Valuable Consideration.

Valuable consideration may be a mutual exchange of promises by which the parties obligate themselves to do something they were not legally required to do before. Consideration must have value. There must be a reciprocal relationship between the offeror's promise and the offeree's performance or return promise. Valuable consideration may be property, time, service, the payment of money, other things of value measurable in dollars, or simply a legal right.

Consideration may also be defined as a legal detriment to the promisee bargained for by the promisor. Legal detriment means that the promisee gives up or promises to give up a legal right, or assumes or promises to assume a legal burden. In the normal course of business, both parties suffer legal detriments and both enjoy legal benefits from entering into a contract. In bilateral contracts, both parties incur legal detriment.

The general trend in contract law is to place more emphasis on the intent of the parties. Intent will determine whether a detriment or benefit has resulted from the bargain, and whether consideration is created, binding the parties to keep their promises. The determination of intent is through the same objective standard applied to making and accepting an offer.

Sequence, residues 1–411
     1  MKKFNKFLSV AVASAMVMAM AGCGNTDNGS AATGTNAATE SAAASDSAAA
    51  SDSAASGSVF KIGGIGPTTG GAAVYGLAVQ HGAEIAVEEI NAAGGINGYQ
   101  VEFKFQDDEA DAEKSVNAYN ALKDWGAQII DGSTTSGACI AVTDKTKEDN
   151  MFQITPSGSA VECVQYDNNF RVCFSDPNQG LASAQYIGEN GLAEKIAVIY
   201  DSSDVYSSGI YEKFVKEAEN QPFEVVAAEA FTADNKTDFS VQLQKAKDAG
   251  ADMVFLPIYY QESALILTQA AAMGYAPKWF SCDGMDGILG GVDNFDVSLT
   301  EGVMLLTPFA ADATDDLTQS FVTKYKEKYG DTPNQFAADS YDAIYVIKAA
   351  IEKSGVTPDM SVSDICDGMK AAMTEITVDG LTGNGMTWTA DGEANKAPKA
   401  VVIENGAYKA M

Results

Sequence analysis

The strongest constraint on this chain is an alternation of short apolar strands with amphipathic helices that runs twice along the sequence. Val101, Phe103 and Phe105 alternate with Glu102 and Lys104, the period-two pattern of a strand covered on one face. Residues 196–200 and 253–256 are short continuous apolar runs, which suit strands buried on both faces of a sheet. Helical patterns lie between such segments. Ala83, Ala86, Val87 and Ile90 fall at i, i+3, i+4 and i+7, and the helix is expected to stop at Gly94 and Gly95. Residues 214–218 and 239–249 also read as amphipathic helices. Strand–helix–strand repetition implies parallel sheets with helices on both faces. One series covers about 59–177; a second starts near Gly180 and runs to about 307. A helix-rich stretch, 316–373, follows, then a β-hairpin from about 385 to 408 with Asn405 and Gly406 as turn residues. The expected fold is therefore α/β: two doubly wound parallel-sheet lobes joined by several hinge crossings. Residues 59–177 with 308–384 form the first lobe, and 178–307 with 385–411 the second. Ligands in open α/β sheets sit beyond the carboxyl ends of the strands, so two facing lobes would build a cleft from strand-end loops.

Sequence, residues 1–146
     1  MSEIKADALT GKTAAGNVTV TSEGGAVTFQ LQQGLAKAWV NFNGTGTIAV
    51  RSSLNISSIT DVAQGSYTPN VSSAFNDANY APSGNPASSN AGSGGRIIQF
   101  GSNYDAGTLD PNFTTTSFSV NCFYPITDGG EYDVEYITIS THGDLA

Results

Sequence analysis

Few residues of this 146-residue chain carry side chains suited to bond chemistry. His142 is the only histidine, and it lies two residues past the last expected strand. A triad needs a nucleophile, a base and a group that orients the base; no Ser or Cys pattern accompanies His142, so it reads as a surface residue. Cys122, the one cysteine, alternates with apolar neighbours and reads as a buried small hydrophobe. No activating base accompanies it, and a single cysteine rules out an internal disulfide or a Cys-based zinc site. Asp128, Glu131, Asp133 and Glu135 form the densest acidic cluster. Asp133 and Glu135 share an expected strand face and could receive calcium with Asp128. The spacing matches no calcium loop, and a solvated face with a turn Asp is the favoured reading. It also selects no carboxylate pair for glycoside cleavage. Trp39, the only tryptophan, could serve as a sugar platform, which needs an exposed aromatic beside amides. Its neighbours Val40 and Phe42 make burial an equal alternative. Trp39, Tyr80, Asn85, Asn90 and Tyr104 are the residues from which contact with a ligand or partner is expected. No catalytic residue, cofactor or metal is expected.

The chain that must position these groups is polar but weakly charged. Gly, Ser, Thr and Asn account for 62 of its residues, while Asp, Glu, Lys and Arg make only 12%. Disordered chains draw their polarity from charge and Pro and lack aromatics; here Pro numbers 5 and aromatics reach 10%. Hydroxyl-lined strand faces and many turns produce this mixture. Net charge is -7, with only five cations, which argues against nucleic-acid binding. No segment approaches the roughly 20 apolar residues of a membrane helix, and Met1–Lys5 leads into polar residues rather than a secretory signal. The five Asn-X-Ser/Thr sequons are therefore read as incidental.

Good Consideration.

Most contracts are supported by valuable consideration, distinguishing them from gifts. Good consideration (love and affection, with no pecuniary measure of value) is sufficient to support a gift deed, but is insufficient for most other contracts.

Love and affection may be compelling motives for making a promise, but they are not words of bargaining. Because such a contract is not supported by present consideration, courts may not specifically enforce such a promise should the grantor have a change of mind before performing. A completed gift is irrevocable while a gratuitous promise is generally unenforceable. The grantee cannot enforce any covenants supported only by good consideration against the grantor.